# Operations on Functions - addition, substraction, functions multiplication, functions division

Operations on FunctionsFunctions can be added

Functions can be subtracted

Functions can be multiplied

Functions can be divided

Functions can be composed with each other

Let us take two function

f(x) = x

^{2}and g(x) = x

The sum of these functions are

f(x) + g(x) = x

^{2}+ x

Sum of two functions

*f*and

*g*is denoted as

*f + g*

Definition for Operations on Functions

(f + g)(x) = f(x) + g(x) Addition

(f - g)(x) = f(x) - g(x) Subtraction

(f.g)(x) = f(x).g(x) Multiplication

(f/g)(x) = f(x)/g(x) Division

For the function

*f + g, f - g, f.g,*the domains are defined as the inrersection of the domains of

*f*and

*g*

For

*f/g*, the domains is the intersection of the domains of

*f*and

*g*except for the points where

*g(x) = 0*

Example

f(x) = 1 + √x - 2 and g(x) = x - 1

Then their sum is defined by

(f + g)(x) = f(x) + g(x) = (1 + √x - 2) + (x - 1) = x + √x - 2

Now we compare the domains of original functions f and g, and their sum:

Function |
Domain |

f(x) = 1 + √x - 2 | [2; +∞) |

g(x) = x - 1 | (-∞ +∞) |

(f + g)(x) = x + √x - 2 | [2; ∞)∩(-∞ +∞) = [2; ∞) |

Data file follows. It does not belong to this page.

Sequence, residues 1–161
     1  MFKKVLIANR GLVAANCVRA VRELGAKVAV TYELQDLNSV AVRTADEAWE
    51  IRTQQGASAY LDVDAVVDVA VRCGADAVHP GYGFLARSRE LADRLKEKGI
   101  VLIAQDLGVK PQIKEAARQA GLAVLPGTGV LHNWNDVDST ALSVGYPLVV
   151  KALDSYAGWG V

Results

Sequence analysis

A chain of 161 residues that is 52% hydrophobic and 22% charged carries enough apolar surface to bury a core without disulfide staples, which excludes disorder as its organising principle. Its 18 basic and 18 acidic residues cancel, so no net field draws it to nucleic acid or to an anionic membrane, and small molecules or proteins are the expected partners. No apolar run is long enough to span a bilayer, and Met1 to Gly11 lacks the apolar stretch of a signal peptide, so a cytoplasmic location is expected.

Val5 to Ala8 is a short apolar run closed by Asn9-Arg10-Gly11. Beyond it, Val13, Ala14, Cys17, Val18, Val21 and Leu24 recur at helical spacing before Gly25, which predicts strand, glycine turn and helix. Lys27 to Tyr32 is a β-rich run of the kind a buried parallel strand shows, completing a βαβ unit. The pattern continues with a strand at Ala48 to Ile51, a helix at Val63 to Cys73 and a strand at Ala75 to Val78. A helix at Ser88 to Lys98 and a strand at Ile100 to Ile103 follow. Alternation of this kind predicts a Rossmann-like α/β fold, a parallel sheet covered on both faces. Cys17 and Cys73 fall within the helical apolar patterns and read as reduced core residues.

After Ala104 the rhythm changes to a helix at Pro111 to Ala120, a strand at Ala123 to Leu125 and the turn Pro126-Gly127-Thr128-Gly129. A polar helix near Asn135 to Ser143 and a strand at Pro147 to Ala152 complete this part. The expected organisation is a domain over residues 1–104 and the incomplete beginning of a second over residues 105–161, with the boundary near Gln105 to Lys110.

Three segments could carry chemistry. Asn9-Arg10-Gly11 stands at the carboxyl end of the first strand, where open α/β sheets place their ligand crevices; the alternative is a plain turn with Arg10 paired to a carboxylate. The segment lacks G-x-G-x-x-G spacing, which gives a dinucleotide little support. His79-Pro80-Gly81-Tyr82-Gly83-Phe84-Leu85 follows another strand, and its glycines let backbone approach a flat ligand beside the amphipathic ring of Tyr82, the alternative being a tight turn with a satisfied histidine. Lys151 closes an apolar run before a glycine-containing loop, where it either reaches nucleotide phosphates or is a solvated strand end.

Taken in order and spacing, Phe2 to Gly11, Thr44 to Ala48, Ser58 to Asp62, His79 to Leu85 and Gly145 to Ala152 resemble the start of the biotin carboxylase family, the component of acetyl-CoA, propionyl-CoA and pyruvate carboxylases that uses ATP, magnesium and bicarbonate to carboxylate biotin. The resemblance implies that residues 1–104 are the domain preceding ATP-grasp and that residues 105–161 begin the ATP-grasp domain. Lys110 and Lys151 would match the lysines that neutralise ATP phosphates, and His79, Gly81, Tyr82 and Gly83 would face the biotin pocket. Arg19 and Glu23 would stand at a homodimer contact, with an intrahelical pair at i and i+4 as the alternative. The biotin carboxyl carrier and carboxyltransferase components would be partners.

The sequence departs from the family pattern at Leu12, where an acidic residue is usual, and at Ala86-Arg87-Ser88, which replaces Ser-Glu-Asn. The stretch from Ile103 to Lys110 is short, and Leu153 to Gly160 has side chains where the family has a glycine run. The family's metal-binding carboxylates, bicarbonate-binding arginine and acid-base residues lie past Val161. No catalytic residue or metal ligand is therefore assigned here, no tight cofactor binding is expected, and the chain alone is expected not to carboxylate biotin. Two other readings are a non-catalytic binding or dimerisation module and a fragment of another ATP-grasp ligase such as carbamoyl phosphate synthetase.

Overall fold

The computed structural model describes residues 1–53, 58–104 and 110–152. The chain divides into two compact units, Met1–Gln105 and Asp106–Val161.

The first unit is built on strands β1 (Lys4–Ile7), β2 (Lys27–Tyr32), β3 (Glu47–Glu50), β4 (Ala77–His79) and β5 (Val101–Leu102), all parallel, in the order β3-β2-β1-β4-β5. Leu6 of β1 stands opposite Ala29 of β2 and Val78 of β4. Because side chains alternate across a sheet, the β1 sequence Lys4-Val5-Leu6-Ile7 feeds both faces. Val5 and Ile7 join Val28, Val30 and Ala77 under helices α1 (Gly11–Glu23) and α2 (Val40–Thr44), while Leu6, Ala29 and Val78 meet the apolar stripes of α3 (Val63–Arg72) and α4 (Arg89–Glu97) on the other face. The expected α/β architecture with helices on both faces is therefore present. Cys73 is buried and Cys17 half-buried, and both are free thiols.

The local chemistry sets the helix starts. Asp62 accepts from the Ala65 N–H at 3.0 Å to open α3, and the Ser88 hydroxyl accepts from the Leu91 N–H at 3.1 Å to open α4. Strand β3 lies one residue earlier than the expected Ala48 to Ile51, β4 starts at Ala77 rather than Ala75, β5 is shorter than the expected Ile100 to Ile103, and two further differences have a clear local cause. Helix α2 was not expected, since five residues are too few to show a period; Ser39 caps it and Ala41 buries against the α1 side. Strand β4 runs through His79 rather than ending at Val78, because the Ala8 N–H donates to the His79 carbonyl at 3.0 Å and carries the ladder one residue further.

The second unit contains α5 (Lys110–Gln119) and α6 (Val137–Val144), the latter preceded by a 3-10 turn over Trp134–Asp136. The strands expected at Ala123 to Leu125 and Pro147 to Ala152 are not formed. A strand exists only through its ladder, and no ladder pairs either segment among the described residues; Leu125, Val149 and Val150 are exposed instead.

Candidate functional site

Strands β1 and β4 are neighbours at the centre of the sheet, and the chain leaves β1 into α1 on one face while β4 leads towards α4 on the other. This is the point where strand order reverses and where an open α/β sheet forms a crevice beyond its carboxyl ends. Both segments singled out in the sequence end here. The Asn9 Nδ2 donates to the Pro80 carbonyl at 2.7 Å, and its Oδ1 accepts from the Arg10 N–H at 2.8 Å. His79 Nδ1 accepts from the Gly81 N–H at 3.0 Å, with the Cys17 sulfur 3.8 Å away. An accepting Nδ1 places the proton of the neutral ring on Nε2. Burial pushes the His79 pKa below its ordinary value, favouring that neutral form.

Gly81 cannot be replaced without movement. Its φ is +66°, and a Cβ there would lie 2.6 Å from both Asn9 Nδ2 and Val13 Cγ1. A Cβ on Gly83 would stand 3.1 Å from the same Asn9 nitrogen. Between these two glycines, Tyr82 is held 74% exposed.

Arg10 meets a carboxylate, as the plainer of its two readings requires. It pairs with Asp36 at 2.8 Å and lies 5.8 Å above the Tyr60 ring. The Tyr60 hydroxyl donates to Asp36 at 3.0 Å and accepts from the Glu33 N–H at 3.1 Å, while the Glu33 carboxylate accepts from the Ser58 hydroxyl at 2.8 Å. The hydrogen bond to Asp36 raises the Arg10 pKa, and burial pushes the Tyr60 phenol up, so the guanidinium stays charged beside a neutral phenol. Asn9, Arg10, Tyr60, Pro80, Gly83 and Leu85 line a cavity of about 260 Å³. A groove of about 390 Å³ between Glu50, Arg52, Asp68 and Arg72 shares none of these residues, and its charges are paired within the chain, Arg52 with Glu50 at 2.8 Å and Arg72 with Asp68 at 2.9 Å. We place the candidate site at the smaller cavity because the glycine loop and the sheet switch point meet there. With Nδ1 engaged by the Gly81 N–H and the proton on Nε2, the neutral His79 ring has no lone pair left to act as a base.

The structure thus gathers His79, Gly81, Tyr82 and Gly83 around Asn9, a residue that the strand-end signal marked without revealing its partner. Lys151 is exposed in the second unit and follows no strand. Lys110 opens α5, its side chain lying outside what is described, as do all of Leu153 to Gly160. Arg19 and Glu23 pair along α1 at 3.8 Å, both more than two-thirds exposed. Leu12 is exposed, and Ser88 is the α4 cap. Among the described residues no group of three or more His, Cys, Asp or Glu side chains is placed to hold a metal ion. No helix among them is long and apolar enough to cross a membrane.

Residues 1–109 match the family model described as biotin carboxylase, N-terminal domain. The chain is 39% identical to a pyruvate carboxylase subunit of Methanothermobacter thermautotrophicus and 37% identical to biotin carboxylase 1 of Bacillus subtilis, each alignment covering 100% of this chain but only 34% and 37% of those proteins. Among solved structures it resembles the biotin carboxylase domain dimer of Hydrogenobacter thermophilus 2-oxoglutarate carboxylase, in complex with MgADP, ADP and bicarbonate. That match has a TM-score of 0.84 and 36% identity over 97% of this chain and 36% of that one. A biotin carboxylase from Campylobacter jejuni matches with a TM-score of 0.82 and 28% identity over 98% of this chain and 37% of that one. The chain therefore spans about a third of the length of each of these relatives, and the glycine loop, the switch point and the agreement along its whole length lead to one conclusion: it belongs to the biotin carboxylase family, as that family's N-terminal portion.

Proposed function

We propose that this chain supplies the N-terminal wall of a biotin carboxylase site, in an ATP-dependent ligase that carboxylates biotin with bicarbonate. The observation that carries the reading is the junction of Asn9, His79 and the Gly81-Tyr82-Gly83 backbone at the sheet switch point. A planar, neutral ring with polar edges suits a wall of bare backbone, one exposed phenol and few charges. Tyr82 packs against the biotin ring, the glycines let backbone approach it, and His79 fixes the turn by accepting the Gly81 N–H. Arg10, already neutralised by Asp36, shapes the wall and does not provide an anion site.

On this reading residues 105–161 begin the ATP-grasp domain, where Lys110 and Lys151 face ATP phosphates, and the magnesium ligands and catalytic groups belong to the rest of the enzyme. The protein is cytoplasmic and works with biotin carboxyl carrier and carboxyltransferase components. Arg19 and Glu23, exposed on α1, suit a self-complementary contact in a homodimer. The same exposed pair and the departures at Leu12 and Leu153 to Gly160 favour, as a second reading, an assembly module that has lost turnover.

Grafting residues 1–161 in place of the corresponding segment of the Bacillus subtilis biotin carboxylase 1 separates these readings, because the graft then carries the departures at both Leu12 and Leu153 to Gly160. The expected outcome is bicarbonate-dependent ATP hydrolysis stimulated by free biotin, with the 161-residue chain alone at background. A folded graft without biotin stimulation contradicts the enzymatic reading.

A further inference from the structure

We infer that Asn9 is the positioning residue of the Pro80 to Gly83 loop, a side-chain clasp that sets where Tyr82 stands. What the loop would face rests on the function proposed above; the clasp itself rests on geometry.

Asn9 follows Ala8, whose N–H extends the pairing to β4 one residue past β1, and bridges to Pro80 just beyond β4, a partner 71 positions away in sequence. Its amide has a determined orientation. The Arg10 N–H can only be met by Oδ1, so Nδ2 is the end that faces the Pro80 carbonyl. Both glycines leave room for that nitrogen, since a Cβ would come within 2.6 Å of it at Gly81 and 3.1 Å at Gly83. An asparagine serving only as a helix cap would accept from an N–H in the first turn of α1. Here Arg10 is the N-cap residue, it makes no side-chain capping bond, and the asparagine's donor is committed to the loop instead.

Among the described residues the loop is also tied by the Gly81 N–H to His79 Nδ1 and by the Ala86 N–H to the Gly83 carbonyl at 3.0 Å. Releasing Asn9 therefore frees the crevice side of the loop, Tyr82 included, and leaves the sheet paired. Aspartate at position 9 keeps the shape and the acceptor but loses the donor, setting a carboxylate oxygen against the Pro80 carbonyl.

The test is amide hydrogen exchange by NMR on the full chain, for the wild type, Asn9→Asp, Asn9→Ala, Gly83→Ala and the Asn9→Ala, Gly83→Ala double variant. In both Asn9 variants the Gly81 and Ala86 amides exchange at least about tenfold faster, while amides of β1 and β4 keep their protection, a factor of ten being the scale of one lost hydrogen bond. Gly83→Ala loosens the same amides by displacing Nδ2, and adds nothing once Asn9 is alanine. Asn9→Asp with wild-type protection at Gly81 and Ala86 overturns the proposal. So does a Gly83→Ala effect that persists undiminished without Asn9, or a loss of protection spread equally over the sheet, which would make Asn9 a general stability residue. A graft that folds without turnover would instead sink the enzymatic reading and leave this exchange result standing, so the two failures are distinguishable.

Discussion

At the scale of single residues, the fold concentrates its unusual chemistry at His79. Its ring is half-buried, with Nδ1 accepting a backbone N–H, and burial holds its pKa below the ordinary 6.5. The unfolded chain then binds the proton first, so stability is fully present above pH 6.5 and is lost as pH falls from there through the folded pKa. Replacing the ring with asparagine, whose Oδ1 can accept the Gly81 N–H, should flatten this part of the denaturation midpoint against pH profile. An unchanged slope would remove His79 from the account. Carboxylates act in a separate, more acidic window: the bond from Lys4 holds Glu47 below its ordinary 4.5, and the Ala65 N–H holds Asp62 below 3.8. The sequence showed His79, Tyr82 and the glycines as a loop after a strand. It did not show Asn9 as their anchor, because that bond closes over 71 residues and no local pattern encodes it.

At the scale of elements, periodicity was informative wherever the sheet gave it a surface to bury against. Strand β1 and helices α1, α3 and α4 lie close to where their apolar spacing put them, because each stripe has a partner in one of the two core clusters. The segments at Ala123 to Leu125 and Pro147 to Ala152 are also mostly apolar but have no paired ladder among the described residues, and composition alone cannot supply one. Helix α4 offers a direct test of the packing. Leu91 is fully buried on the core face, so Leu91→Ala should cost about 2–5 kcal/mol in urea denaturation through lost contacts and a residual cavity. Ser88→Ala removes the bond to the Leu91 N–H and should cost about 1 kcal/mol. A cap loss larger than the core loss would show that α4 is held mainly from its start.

Example:

Now consider the two functions

f(x) = 3√x and g(x) = √x

Then their product is defined by

(f.g)(x) = f(x).g(x) = (3√x)(√x) = 3x

Note that

**Natural domain of 3x is (-∞; +∞)**

Now we compare the domains of original functions

*f*and

*g*, and their product:

Function |
Domain |

f(x) = 3√x | [0; +∞) |

g(x) = √x | [0; +∞) |

(f.g)(x) = 3x, x ≥ 0 | [0; +∞) ∩ [0; +∞) = [0; +∞) |

Some time we write the product of two same functions as

f

^{2}(x) = f(x).f(x)

In general, if

*n*is positive integer, then

f

^{n}(x) = f(x).f(x)...f(x)

For example,

sin(x).sin(x) = (sin(x))

^{2}= sin

^{2}x

Let us suppose two functions

f(x) = x

^{3}and g(x) = x + 4

Now if we substitute

*g(x)*for

*x*in the formula for

*f*we obtain a new function denoted by

(f o g)(x) = f(g(x)) = (g(x))

^{3}= (x + 4)

^{3}

In order to compute

*f(g(x))*one needs to first compute

*g(x)*for an

*x*from the domain of

*g*, then one needs

*g(x)*in the domain of

*f*to compute

*f(g(x))*

Example:

Here

f(x) = x

^{2}+ 3 g(x) = √x

Then composition of these functions are

(f o g)(x) = f(g(x)) = (g(x))

^{2}+ 3 = (√x)

^{2}+ 3 = x + 3

Now we compare the domains of original functions

*f*and

*g*, and their composition

Function |
Domains |

f(x) = x^{2} + 3 |
(-∞; +∞) |

g(x) = √x | [0; +∞) |

(f o g)(x) = x + 3 | All x in [0; +∞) such that g(x)lies in (-∞; +∞) so domain is (-∞; +∞) |

Consider the function

h(x) = (x + 1)

^{2}

we can break up function

*h*as

f(x) = x + 1

g(x) = x

^{2}

h(x) = g(f(x))

Remark :

Note that we can express the function as

(x

^{2}+ 1)

^{10}= [(x

^{2}+ 1)

^{2}]

^{5}= f(g(x))

g(x) = (x

^{2}+ 1)

^{2}, f(x) = x

^{5}

Also we can write (x

^{2}+ 1) = [(x

^{2}+ 1)

^{3}]

^{10/3}= f(g(x))

g(x) = (x

^{2}+ 1)

^{3}, f(x) = x

^{10/3}

Note that in general we cannot write

(f o g) ≠ (g o f)

Domain of

*(f o g)*consists of all

*x*in the domain of

*g*for which

*g(x)*is in the domain of

*f*